Bovis ISSN 2398-2993

Neosporosis

Synonym(s): Neospora caninum

Contributor(s): Wendela Wapenaar , Phil Alcock

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Introduction

  • Cause: Neospora caninum.
  • Signs: abortion, stillbirth, weak calves.
  • Diagnosis: definitive diagnosis in cattle is achieved by histopathological examination of the aborted fetus.
  • Treatment: none.
  • Prognosis: low mortality, increased risk of abortion in subsequent pregnancies.

Pathogenesis

Etiology

  • The cow is an intermediate host for N. caninum Neospora caninum: the parasite.
  • In the cow, Neospora caninum appears to localize to neuromuscular tissue in its slow growing stage (bradyzoite), but in its initial fast growing stage (tachyzoite) it can pass the placenta and infect the fetus.
  • N. caninum does not always cross the placenta; uninfected calves can therefore be born, but the majority of fetuses in seropositive dams will be infected via the placenta.
    • The majority of these infected fetuses will develop without any clinical signs but are persistently infected.
  • Other intermediate and definitive hosts can become infected by ingesting infected tissue (such as placenta, aborted fetus, and neuromuscular tissue).
  • Clinical signs in these intermediate hosts are uncommon; however, they do provide a source for definitive hosts to become infected.
  • Data from a recent GB study showed that almost all the wild carnivorous mammal species tested were intermediate hosts for N. caninum and are therefore capable of acting as reservoirs of infection for other species. Some of the intermediate hosts include: ferrets, red foxes, polecats, mink, badgers, wild rabbits, house mice, wood mice, water buffalo, sparrows, horses, goats, deer, cats, sheep magpies, common buzzard, crows, domestic chicken, shrews, harvest mice, voles, and pigeons.
  • Horizontal cow to cow transmission has not been described. However, it is speculated cattle can infect themselves in a similar way to other intermediate hosts; by, for example, ingesting infected placenta or fetal fluids.
    • This has not yet been confirmed, and therefore currently the most likely route a cow is infected is via vertical transmission in utero. This means the calf is already infected at birth and therefore preventive measures, such as vaccination to prevent infection, are of limited use.

Predisposing factors

General

  • The reported chances of a fetus becoming infected and the occurrence of fetal death are variable and appear to be depending on a variety of factors; for example, beef cattle are less likely to abort than dairy cattle and concurrent infection with BVDv Bovine viral diarrhea virus may aggravate disease; these associated risk factors appear to be related to immune system health.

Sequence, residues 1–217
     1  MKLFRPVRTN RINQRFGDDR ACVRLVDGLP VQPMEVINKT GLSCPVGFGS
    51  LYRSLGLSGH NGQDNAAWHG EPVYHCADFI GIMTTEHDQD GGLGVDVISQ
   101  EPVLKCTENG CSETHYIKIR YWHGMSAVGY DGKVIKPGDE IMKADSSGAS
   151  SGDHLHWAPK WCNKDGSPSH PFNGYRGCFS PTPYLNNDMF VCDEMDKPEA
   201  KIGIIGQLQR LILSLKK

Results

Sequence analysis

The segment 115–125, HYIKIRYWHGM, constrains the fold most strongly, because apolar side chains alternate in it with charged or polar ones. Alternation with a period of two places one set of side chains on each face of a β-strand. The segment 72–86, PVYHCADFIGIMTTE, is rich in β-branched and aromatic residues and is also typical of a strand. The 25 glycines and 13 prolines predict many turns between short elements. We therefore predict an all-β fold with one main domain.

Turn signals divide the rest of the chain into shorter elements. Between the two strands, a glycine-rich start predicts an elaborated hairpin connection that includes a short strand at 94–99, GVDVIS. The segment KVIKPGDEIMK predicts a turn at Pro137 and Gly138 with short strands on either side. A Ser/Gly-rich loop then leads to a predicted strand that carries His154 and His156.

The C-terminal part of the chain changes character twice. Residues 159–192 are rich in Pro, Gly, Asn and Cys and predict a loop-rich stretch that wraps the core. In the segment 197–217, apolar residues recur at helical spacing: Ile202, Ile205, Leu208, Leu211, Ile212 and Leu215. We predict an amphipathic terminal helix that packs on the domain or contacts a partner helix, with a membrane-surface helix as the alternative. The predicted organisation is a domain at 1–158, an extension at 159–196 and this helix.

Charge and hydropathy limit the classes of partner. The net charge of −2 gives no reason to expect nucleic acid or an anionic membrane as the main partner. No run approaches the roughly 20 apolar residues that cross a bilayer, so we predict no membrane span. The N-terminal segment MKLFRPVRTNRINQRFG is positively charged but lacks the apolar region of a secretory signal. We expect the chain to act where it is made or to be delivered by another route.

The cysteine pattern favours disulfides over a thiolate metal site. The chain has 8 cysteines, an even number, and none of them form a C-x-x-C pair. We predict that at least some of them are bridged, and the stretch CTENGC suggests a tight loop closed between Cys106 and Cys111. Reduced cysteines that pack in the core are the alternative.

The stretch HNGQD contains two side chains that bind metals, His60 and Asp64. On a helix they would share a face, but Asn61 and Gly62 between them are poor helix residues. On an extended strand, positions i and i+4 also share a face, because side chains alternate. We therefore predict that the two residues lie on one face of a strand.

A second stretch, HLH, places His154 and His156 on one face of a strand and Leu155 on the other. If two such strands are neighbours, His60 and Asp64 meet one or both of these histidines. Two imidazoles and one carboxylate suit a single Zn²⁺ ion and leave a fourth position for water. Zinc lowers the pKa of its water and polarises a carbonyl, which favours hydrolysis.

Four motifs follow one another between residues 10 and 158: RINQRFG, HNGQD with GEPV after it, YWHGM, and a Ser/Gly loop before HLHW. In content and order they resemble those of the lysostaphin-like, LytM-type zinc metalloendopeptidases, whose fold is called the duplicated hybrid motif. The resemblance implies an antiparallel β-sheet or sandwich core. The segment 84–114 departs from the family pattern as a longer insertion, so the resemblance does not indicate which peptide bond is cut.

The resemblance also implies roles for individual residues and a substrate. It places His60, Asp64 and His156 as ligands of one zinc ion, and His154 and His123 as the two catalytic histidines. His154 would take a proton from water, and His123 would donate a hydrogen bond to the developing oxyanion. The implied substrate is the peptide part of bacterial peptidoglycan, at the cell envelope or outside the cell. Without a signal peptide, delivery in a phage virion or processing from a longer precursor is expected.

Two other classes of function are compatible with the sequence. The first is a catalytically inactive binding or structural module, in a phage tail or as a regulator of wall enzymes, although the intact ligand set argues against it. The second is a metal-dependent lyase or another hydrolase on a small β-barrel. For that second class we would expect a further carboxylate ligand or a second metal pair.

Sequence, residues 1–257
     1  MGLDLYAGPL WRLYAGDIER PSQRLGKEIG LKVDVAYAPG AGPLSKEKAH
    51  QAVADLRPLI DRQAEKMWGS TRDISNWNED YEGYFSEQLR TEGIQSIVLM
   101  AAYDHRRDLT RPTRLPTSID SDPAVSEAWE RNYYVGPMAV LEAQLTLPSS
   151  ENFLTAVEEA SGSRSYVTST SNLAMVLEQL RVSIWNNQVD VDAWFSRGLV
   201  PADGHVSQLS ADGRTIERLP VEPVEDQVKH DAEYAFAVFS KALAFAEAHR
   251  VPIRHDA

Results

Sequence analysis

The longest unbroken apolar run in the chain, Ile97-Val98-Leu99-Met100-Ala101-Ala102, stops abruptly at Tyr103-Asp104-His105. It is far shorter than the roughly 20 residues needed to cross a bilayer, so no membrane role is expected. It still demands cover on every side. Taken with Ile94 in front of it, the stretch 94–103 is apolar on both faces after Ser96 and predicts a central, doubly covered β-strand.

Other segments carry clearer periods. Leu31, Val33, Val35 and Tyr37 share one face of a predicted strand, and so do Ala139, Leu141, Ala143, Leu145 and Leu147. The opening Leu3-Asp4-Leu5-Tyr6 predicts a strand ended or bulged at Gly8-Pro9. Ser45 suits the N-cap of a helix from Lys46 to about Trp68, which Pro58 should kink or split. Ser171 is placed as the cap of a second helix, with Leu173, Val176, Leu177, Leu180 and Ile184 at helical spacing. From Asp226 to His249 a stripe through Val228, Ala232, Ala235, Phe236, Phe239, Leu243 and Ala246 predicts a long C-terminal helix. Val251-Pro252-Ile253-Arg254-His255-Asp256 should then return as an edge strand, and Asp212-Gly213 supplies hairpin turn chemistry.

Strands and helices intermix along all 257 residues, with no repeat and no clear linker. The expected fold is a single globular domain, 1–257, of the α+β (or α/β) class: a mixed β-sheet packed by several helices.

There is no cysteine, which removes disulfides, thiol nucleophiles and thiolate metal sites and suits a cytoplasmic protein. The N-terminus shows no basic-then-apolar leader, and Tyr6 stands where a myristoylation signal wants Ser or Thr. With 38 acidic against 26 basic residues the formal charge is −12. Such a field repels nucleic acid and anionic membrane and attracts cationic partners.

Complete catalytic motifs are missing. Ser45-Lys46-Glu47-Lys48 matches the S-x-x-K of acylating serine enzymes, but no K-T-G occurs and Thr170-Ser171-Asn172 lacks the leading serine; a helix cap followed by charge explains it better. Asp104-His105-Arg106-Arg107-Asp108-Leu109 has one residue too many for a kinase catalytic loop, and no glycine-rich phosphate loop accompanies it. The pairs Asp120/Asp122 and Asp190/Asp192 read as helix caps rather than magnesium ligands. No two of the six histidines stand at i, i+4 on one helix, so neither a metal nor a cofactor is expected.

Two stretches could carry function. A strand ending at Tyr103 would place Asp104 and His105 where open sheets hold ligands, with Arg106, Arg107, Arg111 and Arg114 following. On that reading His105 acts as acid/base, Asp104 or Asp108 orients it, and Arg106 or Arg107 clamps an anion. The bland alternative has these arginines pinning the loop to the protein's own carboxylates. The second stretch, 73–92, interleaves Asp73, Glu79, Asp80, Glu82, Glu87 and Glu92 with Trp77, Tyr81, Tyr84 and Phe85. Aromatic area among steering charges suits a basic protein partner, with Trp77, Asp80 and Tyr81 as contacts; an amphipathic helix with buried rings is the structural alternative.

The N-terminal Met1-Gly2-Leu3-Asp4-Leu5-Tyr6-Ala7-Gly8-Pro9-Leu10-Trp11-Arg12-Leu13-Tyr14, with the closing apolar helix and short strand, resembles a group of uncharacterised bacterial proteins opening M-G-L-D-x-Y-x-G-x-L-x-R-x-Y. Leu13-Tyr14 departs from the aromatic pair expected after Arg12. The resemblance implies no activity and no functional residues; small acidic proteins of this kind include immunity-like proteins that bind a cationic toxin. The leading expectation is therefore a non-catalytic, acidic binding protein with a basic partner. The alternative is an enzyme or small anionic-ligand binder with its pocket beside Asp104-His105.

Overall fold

Timecourse

  • Calves will be born healthy or will be weak from birth, having been infected in utero.
  • Cows can abort within a week after being infected, but once they are infected, the time to abortion can be anytime as the animal remains infected for life.
  • Survival times of oocysts on pasture and in silage are unknown but are suggested to be long, as they are expected to be similar to other apicomplexan parasites such as Toxoplasma gondiiToxoplasma gondii.

Epidemiology

  • Cattle get infected by ingesting sporulated oocysts or by vertical transmission via the placenta.
  • Although conflicting results are presented in studies, semen and milk appear to be unlikely sources of infection.
  • Oocysts are only found in fecal material from definitive hosts. Thus far only the dingo, coyote and domestic dog have been confirmed to be definitive hosts.
  • Cows that have aborted once due to N. caninum Neospora caninum are more likely to have either subsequent abortions or infected fetuses in future pregnancies.

Diagnosis

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Treatment

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Prevention

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Outcomes

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Further Reading

Publications

Refereed Papers

  • Recent references from PubMed and VetMedResource.
  • Bartley P M, Wright S E, Zimmer I A, Roy S, Kitchener A, Meredith C, Innes I & Katzer E A (2013) Detection of Neospora caninum in wild carnivorans in Great Britain. Vet Parasitol 192 (1-3), 279-83.
  • Almería S, López-Gatius F, García-Ispierto I, Nogareda C, Bech-Sàbat G, Serrano B, Santolaria P & Yániz J L (2009) Effects of crossbreed pregnancies on the abortion risk of Neospora caninum-infected dairy cows. Vet Parasitol 26 (4), 323-9 PubMed.
  • Bartels C J, van Schaik G, Veldhuisen J P, van den Borne B H, Wouda W & Dijkstra T (2006) Effect of Neospora caninum-serostatus on culling, reproductive performance and milk production in Dutch dairy herds with and without a history of Neospora caninum-associated abortion epidemics. Prev Vet Med 77 (3-4), 186-98 PubMed.
  • Boyd S P, Barr P A, Brooks H W & Orr J P (2005) Neosporosis in a young dog presenting with dermatitis and neuromuscular signs. J Small Anim Pract 46 (2), 85-8 PubMed.
  • Davison H C, French N P & Trees A J (1999) Herd-specific and age-specific seroprevalence of Neospora caninum in 14 British dairy herds. Vet Rec 144 (20), 547-50 PubMed.
  • Barber J S, Gasser R B, Ellis J, Reichel M P, McMillan D & Trees A J (1997) Prevalence of antibodies to Neospora caninum in different canid populations. J Parasitol 83 (6), 1056-8 PubMed.
  • Buxton D, Caldow G L, Maley S W, Marks J & Innes E A (1997) Neosporosis and bovine abortion in Scotland. Vet Rec 141 (25), 649-51.

Organisation(s)

  • School of Veterinary Medicine and Science, University of Nottingham, UK.


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